It’s been a couple of weeks since the Educational Alliance opened the Manny Cantor Center inside its gut-renovated flagship building at 197 East Broadway. We stopped by yesterday for a progress check with Rabbi Joanna Samuels, the center’s executive director.
The $55 million project represents one of the biggest transformations ever undertaken by the 125-year old social services agency, one of the Lower East Side’s most venerable institutions. The Manny Cantor Center, named for the father of a former board chairman, includes a 7,000 square foot fitness center, a sun-splashed sixth floor community space, as well as facilities for preschool, Head Start, teen and senior programs and an art school. The lofty goal was to re-establish the historic building as a neighborhood hub in an economically mixed community.
While the center is open for business, it’s still a partial construction zone. The early childhood programs will be moving into new classrooms during the next week. Then contractors will go to work on those temporary quarters the preschool was using, creating a new art school in the garden-level space. They’ll also be reopening the teen center and basketball court, hopefully by the end of May.
The Manny Cantor Center is designed to be accessible to both the agency’s traditional low-income clientele as well as an increasing population of middle and high income earners who have moved to the Lower East Side in the past 15 years. For this reason, the fitness center is offering a $10/month rate for families already being served in programs such as Head Start. The market rate for individuals, below $60, was set to be competitive with other comparable fitness centers. (For specifics and family rates, people are encouraged to contact a membership coordinator.) “We’re not in the business of checking people’s tax returns or anything like that,” Samuels explained, “but we already have a huge population that we’re serving that we know qualifies for this ($10) rate.”
The objective, creating a center that fosters connections among all types of LES groups, is an ambitious one. During our conversation, Samuels, said the gym facility is an obvious starting point. “Fitness is a great equalizer in some ways,” she said, “and it’s sort of the right level of interaction for some people. I feel very comfortable about the way the fitness center will drive those connections.” But it’s not the only place where she hopes the community will interact. Another is the art school, where a sliding fee scale will also be put into place. She sees future opportunities for shared experiences among the kids in the preschool and Head Start programs.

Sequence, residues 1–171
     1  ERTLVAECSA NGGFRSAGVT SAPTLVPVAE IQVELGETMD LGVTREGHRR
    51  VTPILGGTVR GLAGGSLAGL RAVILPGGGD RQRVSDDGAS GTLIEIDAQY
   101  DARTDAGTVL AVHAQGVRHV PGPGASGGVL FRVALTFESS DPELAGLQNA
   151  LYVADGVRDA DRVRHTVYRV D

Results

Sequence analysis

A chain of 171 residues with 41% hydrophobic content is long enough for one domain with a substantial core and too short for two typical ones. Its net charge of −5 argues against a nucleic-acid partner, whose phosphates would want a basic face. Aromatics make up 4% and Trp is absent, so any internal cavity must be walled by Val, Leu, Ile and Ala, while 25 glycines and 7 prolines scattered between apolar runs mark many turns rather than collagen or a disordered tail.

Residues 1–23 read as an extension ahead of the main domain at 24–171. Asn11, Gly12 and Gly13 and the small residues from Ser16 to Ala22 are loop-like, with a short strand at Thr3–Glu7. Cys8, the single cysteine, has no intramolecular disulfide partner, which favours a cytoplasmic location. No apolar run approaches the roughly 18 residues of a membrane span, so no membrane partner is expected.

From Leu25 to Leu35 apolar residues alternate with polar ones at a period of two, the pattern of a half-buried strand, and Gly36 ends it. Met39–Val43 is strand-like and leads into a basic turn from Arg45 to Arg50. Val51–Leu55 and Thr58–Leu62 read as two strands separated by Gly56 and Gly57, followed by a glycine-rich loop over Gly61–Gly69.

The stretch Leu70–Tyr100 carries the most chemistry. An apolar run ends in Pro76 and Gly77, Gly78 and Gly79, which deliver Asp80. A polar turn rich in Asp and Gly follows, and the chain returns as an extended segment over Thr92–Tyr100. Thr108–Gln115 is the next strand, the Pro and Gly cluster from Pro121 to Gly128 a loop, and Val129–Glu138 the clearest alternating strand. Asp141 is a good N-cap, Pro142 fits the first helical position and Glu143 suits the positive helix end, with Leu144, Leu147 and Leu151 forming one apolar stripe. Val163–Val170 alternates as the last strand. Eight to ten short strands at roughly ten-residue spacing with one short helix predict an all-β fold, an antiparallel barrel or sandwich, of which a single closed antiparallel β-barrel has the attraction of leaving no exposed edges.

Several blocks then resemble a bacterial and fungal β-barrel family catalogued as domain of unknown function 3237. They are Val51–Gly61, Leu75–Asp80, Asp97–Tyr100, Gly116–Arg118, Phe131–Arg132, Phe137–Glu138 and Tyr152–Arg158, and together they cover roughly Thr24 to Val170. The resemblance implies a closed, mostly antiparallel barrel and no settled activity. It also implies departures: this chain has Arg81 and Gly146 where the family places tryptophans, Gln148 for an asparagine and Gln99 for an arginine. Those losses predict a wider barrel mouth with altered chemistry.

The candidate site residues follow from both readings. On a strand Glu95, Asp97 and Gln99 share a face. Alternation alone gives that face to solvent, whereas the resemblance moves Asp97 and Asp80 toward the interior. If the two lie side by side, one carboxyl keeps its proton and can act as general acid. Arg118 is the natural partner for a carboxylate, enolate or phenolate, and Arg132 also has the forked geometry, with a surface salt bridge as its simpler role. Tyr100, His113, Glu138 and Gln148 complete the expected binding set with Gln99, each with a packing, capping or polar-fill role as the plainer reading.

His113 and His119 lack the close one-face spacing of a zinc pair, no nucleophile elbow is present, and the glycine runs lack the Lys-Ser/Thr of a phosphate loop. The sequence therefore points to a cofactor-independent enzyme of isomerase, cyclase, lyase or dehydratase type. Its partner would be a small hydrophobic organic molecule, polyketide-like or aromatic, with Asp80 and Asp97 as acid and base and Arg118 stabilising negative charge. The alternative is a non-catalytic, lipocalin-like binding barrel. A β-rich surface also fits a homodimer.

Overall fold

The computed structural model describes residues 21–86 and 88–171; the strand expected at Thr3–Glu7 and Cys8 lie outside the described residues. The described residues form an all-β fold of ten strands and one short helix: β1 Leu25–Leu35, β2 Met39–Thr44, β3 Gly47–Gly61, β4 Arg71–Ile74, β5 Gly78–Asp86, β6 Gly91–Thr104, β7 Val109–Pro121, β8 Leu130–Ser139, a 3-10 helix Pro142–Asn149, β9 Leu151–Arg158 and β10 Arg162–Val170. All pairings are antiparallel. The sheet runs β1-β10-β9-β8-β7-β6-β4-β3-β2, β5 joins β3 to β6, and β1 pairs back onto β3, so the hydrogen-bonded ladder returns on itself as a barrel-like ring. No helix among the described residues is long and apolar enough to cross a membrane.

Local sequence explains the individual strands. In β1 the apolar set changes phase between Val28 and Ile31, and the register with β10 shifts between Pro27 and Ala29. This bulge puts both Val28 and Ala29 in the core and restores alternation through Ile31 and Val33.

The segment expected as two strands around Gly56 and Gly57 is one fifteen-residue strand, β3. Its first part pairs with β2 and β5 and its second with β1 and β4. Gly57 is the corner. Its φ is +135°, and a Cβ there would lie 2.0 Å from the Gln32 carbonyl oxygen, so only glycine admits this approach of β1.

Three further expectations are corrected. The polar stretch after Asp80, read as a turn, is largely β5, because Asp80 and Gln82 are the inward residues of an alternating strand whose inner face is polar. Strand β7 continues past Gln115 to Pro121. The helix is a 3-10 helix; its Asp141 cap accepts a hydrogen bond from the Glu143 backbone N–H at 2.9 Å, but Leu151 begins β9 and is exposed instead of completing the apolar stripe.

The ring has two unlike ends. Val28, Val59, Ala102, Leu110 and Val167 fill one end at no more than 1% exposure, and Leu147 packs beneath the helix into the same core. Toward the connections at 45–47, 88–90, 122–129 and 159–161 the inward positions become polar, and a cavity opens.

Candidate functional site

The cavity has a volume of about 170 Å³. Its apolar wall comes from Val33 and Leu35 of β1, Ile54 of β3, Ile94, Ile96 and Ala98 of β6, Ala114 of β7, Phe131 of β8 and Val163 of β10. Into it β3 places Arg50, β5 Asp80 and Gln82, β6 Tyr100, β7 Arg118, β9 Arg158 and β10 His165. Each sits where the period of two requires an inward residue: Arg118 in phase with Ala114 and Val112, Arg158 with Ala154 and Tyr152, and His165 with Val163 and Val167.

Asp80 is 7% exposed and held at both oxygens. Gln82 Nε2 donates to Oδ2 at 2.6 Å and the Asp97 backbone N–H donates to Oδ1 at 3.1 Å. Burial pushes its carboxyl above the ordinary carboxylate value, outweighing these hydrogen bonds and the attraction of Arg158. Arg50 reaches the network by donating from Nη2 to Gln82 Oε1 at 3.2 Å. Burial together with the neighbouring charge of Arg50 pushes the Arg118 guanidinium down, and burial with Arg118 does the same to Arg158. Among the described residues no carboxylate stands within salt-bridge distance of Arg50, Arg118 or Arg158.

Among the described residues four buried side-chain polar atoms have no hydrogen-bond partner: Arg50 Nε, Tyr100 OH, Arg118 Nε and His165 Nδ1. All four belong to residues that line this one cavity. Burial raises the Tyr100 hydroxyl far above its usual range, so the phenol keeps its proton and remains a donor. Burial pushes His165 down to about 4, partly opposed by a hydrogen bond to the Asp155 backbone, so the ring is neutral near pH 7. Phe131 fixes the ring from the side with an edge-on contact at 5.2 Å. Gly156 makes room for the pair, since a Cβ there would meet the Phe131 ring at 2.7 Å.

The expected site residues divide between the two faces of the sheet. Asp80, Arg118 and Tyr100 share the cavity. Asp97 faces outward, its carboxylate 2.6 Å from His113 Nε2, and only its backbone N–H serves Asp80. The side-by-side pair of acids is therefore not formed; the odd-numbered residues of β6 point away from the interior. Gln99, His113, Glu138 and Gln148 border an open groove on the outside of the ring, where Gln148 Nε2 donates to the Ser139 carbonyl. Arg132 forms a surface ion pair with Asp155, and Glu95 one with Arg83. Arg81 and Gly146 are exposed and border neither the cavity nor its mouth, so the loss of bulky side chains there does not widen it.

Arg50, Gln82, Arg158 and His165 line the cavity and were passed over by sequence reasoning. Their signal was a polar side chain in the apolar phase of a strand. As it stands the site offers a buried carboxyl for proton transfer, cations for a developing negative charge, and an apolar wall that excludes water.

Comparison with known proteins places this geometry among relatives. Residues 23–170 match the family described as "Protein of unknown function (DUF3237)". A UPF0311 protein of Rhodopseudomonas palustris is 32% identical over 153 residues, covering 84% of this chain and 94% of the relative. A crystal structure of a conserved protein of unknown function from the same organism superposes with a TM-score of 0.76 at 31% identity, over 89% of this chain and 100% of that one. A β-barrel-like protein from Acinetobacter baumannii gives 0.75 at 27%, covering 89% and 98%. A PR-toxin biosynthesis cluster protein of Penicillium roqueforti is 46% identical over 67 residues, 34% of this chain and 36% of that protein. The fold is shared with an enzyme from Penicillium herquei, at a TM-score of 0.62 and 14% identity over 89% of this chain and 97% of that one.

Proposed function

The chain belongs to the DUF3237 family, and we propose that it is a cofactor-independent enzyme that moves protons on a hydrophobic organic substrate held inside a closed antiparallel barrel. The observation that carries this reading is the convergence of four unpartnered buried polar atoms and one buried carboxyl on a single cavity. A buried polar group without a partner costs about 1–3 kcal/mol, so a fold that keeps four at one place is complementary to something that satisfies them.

The community space is another focal point. The versatile 3,100 square foot room was an addition to the top of the building. It’s glass-enclosed, boasting great views of Seward Park, the public library and The Forward Building, and features a large balcony. During the day, seniors eat lunch there. Weekly dance lessons, concerts for children, sunrise yoga and evening spinning parties are planned. It will also be the setting for the center’s community programming schedule.
The idea is not to become a downtown version of the 92nd Street Y. Instead, Samuels explained, “we think what (people on the Lower East Side) want is a reflection of what is so vital and exciting about this neighborhood. We’re looking at who are the artists and performers and thinkers and change makers in this community and how do we provide a forum for them to entertain and share ideas and build excitement for the community.”
The Educational Alliance’s headquarters actually consisted of the original 1890 structure and two adjacent buildings. A big challenge for Platt Byard Dovell White Architects was to stitch together the three individual buildings, creating new passageways, while modernizing the entire complex. The LEED-certified, 103,000 square-foot building was redesigned to take full advantage of natural light. Even the stairwell features a wall of glass. Large, arched windows covered up for safety reasons decades ago were restored, while most of the building’s historic interior was left intact.
The transformation at the Educational Alliance is, of course not just about a building. Earlier this month, Alan van Capelle took over as CEO from Robin Bernstein, who spearheaded the renovation project. Samuels hasn’t had much time to reflect, as she gets the new facility up-and-running. But she had no trouble articulating what’s going to be required to make the Manny Cantor Center a success. “It will be a success if people in the community see it as a hub for their own recreation, for their own needs for education, their own needs for community and where they see the diversity of this neighborhood reflected.”